We present JaxMARL, a library of multi-agent reinforcement learning (MARL) environments and algorithms based on end-to-end GPU acceleration that achieves up to 12500x speedups. The environments in JaxMARL span cooperative, competitive, and mixed games; discrete and continuous state and action spaces; and zero-shot and CTDE settings. We specifically include implementations of the Hanabi Learning Environment, Overcooked, Multi-Agent Brax, MPE, Switch Riddle, Coin Game, and Spatial-Temporal Representations of Matrix Games (STORM). Because of JAX's hardware acceleration, our per-run training pipeline is 12500x faster than existing approaches. We also introduce SMAX, a vectorised version of the popular StarCraft Multi-Agent Challenge, which removes the need to run the StarCraft II game engine. By significantly speeding up training, JaxMARL enables new research into areas such as multi-agent meta-learning, as well as significantly easing and improving evaluation in MARL. Try it out here: https://github.com/flairox/jaxmarl!

What is JAX?

JAX is a Python library that enables programmers to use a simple numpy-like interface to easily run programs on accelerators. Recently, doing end-to-end single-agent RL on the accelerator using JAX has shown incredible benefits. To understand the reasons for such massive speed-ups in depth, we recommend reading the PureJaxRL blog post and repository.

JaxMARL Environments

Environments available in JaxMARL. Top row, from left: MABrax, STORM, SMAX, Hanabi. Bottom Row, from left: Switch Riddle, MPE, Overcooked, Coin Game.

Environments and Benchmarks

We present visualisations of our provided JAX-based environment suites above. To get an idea of the speed-ups provided by our library, we provide benchmarks for the environments in JaxMARL below.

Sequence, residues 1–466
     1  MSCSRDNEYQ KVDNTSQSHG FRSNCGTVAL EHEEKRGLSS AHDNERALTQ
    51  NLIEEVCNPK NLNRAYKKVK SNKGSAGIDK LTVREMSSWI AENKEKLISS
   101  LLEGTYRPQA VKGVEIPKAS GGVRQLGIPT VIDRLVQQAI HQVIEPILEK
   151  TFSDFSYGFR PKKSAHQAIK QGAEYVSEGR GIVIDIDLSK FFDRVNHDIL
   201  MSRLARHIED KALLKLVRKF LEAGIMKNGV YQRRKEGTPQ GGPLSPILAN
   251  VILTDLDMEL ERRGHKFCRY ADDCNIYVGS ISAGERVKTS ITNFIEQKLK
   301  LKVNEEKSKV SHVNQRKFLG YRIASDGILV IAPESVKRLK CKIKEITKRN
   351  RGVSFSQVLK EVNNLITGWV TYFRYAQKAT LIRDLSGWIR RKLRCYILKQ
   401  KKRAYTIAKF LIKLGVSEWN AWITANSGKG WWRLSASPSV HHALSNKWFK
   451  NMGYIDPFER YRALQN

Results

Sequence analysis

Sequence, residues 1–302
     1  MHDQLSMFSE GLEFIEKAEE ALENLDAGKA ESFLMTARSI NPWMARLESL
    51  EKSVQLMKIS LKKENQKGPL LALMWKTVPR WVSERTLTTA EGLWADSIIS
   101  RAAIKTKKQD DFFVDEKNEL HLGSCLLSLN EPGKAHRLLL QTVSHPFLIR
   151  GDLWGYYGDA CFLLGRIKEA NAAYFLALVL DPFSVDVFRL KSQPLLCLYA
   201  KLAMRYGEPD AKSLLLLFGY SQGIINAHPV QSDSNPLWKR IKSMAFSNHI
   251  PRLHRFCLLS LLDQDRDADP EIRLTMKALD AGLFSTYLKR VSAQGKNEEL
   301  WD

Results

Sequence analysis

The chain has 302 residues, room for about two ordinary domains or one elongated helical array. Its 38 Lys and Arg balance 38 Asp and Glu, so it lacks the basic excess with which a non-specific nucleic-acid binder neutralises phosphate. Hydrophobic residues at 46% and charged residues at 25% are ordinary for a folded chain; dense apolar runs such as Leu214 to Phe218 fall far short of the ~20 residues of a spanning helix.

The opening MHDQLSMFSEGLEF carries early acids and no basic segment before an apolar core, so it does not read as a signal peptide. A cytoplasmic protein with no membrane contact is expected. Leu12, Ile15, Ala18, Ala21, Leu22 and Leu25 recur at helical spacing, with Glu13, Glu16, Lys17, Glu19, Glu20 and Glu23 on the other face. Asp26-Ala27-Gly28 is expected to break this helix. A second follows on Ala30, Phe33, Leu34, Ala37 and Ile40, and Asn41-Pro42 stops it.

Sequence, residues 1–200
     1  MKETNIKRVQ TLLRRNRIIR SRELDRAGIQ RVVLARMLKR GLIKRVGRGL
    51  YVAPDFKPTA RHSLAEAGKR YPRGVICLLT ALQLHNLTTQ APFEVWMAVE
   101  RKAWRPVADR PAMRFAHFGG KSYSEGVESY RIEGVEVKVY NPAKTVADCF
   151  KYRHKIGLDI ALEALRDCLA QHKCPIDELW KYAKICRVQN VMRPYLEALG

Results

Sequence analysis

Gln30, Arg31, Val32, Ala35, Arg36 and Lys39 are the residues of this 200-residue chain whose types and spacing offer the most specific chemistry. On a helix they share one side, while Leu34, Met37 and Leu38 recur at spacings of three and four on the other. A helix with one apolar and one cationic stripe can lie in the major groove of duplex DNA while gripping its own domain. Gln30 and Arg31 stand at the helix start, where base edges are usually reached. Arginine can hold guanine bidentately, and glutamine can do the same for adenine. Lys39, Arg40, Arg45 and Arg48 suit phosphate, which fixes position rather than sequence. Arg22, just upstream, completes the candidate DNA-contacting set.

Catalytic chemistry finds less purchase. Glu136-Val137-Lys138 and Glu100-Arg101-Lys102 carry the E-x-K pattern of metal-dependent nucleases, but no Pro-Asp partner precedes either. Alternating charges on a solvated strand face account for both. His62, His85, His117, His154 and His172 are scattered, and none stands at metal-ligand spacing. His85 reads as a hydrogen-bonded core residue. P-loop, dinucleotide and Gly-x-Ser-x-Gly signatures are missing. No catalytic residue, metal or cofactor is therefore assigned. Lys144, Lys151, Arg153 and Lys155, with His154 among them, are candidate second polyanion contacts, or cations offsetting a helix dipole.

Benchmark results for JAX-based MARL environments (steps-per-second) when taking random actions on an A100. All environments are significantly faster than existing CPU implementations.

Details on Environments

In this section, we describe each of the environments in JaxMARL. This includes two new environments: STORM and SMAX. STORM is inspired by the Melting Pot environment suite and SMAX is inspired by the StarCraft Multi-Agent Challenge (SMAC).


The StarCraft Multi-Agent Challenge (SMAC) is a popular benchmark but has a number of shortcomings. First, as noted and addressed in SMACv2, SMAC is not particularly stochastic. This means that non-trivial win-rates are possible on many SMAC maps by conditioning a policy only on the timestep and agent ID. Additionally, SMAC relies on StarCraft II as a simulator. While this allows SMAC to use the wide range of units, objects and terrain available in StarCraft II, running an entire instance of StarCraft II is slow and memory intensive. StarCraft II runs on the CPU and therefore SMAC's parallelisation is severely limited with typical academic compute.

Using the StarCraft II game engine also constrains environment design. For example, StarCraft II groups units into three races and does not allow units of different races on the same team, limiting the variety of scenarios that can be generated. Secondly, SMAC does not support a competitive self-play setting without significant engineering work. The purpose of SMAX is to address these limitations. It provides access to a simplified SMAC-like, hardware-accelerated, customisable environment that supports self-play and custom unit types. SMAX models units as discs in a continuous 2D space.